Shoot it Wet
Don’t let a little drizzle and grey skies ruin your outing. You can get great shots in the rain especially since vegetation looks really saturated when wet. Remember to use your polarizer to further increase colour saturation. I often just use two rubber bands to hold a plastic grocery bag over my camera and lens to keep them both dry while I venture forth in the wet weather to find dripping colours. But you can buy specially made photographic rain covers if you want a solution more user-friendly and elegant-looking than my plastic bag and rubber band contraption. Check your local camera store or type in “camera rain covers” on your internet search engine for a pail full of solutions.
Go Out Anyway
I used to play a game while on photo trips. I would wake up at the sound of the alarm and stick my head out of the tent – if it was overcast, I would sleep in. If it was clear or mixed clear sky with cloud I would get up. Numerous times I went back to bed only to be awakened by brilliant colours effusing through the tent walls. Sure enough my overcast, ‘bad’ light wake up call burned me and I missed great light by assuming a grey sky would not yield spectacular colour. Now when on photo trips I always get up and out with the ring of the alarm and many times I have been rewarded with spectacular light even when the sky was totally cloudy and rain was spitting from the heavens. Being out there is the key – the more you go out in all types of light the more great shots you’ll come home with.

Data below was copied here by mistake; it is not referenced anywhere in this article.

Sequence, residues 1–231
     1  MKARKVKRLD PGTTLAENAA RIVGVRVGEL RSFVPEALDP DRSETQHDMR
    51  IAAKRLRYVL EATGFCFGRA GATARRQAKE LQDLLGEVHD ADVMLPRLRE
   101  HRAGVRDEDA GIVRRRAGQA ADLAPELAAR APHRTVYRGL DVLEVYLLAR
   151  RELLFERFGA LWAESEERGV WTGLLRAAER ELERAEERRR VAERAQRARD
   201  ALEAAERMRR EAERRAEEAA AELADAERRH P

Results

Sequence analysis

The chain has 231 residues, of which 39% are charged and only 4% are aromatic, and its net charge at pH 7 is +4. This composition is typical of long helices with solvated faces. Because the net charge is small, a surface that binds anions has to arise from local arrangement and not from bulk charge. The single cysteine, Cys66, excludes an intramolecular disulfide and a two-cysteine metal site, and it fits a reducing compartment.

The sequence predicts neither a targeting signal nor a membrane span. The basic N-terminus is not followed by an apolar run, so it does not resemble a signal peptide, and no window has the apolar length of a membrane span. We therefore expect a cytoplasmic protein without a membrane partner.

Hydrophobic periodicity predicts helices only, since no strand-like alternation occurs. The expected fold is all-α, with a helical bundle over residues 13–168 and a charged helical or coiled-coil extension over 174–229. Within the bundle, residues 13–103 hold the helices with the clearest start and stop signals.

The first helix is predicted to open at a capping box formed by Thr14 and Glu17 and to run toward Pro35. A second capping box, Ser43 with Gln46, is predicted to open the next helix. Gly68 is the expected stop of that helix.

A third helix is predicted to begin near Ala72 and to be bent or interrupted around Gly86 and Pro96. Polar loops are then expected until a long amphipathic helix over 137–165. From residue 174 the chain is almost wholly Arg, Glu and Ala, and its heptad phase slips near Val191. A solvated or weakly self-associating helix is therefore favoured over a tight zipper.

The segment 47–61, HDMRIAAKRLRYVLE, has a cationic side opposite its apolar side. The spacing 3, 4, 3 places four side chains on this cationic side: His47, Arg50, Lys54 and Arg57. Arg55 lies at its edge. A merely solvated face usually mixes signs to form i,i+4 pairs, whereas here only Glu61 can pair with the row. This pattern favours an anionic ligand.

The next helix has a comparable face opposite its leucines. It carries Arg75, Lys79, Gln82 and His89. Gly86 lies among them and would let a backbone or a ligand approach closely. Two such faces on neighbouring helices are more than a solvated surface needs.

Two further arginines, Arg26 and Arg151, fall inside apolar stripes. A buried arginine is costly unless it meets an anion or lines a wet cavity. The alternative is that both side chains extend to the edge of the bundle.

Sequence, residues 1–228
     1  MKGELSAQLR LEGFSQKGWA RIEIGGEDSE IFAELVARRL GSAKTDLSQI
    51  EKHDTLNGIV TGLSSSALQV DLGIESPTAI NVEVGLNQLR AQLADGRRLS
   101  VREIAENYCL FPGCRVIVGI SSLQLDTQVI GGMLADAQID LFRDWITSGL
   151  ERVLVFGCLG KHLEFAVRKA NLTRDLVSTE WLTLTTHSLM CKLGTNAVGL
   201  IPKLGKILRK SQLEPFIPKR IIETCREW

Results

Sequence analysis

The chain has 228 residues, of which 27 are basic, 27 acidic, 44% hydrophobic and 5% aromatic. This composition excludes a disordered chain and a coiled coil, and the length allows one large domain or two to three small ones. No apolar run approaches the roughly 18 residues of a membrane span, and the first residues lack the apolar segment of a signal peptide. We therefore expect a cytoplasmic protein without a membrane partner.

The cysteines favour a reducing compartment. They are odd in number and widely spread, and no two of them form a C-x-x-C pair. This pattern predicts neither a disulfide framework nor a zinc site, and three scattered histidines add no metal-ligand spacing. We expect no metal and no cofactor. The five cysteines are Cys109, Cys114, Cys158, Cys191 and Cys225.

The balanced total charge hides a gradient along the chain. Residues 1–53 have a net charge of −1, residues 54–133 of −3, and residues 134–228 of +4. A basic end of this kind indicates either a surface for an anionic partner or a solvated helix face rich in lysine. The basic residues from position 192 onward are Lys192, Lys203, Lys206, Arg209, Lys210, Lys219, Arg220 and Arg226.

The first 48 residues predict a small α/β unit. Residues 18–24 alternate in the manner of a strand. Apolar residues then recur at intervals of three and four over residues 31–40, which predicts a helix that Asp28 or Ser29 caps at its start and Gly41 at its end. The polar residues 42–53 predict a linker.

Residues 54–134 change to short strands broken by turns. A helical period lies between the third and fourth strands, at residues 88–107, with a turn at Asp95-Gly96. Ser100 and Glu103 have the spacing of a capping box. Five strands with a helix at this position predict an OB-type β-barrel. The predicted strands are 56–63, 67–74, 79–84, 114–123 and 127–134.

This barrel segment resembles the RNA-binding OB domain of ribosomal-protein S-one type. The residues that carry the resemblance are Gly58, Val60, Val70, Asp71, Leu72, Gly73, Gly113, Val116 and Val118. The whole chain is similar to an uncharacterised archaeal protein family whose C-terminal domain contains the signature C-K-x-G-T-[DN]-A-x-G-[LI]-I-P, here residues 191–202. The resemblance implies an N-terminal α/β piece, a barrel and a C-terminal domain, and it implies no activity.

What separates great photographers from good photographers has little to do with gear or camera technique and everything to do with creative vision. Great photographers see the extraordinary in the ordinary and can translate their wonder into images. There is nor shortcut to creative vision except for practice, practice, practice and shooting images that have meaning for you personally.